In the last one month, Coke Studio Pakistan has become a household name in Kashmir. The song Ha Gulo, sung by a Kashmiri who moved to Pakistan many years ago, and released by Coke Studio in July, has registered more than a million views, going viral on YouTube and other social media platforms in Kashmir.
The gentle melody of love is written by popular Kashmiri poet Ghulam Ahmad Mehjoor, whose lyrical works are among those counted as classics in Kashmir.
Because Kashmir also has a softer, loving side. (Photo: Reuters)
The song sings of the beloved, the orchards and the bulbul. It sings of a Kashmir that is not marked by deep societal distress, but a Kashmir of beauty and romance. Ghulam Ahmad Mehjoor's poetry was often searingly political. Coke Studio chose one of his soft lyrics.
The video, Ha Gulo, released as part of the Coke Studio Explorer series, features songs from the diverse ethnic regions of Pakistan. The name of the group shows up at the end of the video. Qasamir.
Ha Gulo Tohi Ma Sa Wuchwan Yaar Meon
Bulbulu tuhi sahari toon gulzar mainoon
Wani dawan poshn pershoom yambar zaln
Dain poshish joshe joshayath wa zalawi bagh
(O’ blossom have you seen my beloved
O’ nightingale help me find my love
Tell me O’ orchard was my friend here
I’ll keep yearning for you in the next life too, O companion...)
Most people on this side of the LOC in Kashmir who heard the song spoke of their confusion.
Who was the man who sang the lyric like one of their own? He sounded like someone who would have been a popular local voice in the Valley.
Yet, no one seemed to know him.
Soon, several Srinagar publications answered the question. The man was Altaf Mir, hailing from a village in Anantnag in Kashmir. Mir has been living for close to three decades now at Muzaffarabad in Pakistan.
As the song plays on loop on mobile phones in Kashmir, it is on everyone's lips — and so is Mir's story.
The reason why the lead singer in the group sounded so familiar was because Mir was born and brought up in Janglat Mandi in Anantnag. A young artisan excelling in the quintessential Kashmiri aari work and chain-stitching, Mir would earn extra income by singing at the elaborate Kashmiri weddings, Sufi mehfils and functions.
From stitching to singing, Kashmir has rhythm. (Photo: Reuters)
The artisan wasn't destined to follow this gentle course of life for long.
The Srinagar media spoke to Mir's mother Raja Bano, his childhood friend and later brother-in-law Nazir Ahmed Shah, and nephew Mohammad Iqbal Shah, a locally renowned singer. The media found a story that has enough grist to churn up an engaging biopic.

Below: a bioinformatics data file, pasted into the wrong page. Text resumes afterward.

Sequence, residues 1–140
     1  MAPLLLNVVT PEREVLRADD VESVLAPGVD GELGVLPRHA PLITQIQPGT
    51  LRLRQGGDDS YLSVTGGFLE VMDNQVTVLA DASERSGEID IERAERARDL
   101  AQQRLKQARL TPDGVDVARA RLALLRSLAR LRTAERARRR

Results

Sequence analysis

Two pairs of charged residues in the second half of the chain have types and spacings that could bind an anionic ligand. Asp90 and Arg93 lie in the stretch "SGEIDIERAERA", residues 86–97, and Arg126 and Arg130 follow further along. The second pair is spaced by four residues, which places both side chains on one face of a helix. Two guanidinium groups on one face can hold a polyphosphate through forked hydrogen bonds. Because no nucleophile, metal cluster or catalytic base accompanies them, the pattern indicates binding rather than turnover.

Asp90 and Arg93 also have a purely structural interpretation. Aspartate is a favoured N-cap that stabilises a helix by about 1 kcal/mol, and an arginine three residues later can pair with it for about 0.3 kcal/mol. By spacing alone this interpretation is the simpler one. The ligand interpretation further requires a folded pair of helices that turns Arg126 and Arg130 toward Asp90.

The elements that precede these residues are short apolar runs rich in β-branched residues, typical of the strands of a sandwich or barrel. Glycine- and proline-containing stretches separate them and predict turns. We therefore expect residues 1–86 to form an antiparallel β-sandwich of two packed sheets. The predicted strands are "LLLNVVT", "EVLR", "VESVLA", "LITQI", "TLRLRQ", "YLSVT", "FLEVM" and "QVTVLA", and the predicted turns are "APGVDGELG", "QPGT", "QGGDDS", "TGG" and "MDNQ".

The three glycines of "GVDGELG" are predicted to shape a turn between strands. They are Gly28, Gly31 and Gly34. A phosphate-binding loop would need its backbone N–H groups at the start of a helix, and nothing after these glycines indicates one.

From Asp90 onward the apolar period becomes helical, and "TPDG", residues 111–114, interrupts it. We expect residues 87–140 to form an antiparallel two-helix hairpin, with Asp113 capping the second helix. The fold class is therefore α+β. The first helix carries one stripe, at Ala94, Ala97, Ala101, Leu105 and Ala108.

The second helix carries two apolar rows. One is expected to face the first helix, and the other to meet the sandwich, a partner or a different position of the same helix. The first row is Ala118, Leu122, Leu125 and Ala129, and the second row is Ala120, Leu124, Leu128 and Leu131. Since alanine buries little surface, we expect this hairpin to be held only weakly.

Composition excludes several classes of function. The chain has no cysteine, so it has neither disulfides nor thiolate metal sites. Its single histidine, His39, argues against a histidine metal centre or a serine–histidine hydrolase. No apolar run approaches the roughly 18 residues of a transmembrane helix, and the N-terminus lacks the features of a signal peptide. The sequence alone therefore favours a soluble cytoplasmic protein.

After insurgency began in Kashmir, Mir and many young men his age crossed over to Pakistan-Administered Kashmir for armed training. It was 1990. Mir left behind his mother, brother and two sisters.
The gentle artisan and singer joined a group of youth who were part of al Umar, a militant organisation in Kashmir. While the other young men moved to camps in Pakistan for armed training, Mir stayed back in Muzaffarabad. For five years, his family did not hear from him. They knew he was in Pakistan, and would pray for his well-being.
Mir joined a militant group trained in Pakistan. But his stint with violence didn't last. (Representative image of a protest in Valley: Reuters)
In 1995, Mir returned to meet his mother and siblings. The joy of the family reunion was short-lived. Mir felt threatened by the Ikhwanis, the government-backed counter-insurgency group in Kashmir, and stayed away from any militant activity.
In 1996, he went back to Muzzafarabad.
Music of life: Mir started afresh and formed a singers' group known as Qasamir (Photo: Screenshot)
His skills from his teenage years helped him begin life anew — the training as an artisan, and Kashmiri folk music. He formed a group of Kashmiri singers by the name Qasamir, and would perform for Kashmiri families living in the region. He also began singing for shows on Radio Pakistan. He married a girl from Muzaffarabad, and the couple have four sons.
Mir connected with his family again in 2015, courtesy social media. In 2017, Coke Studio found Mir and his group while searching for Kashmiri singers as part of their Explorer series. In the video recorded during the making of Ha Gulo, Mir is heard saying, "I don’t dance. But today I danced for the first time, because my dream has come true."
Wearing their identity with pride (Screenshot from the video)
Mir and the three other men of the Qasamir group in the Ha Gulo video are dressed in the traditional Kashmiri pheran and cap — the look one encounters all over the Valley. These men had also migrated from Mir's native Kashmir. They are Ghulam Muhammad Dar playing the Sarangi, Saifuddin Shah with the traditional Tumbaknari, and Manzoor Ahmad Khan with the Nout.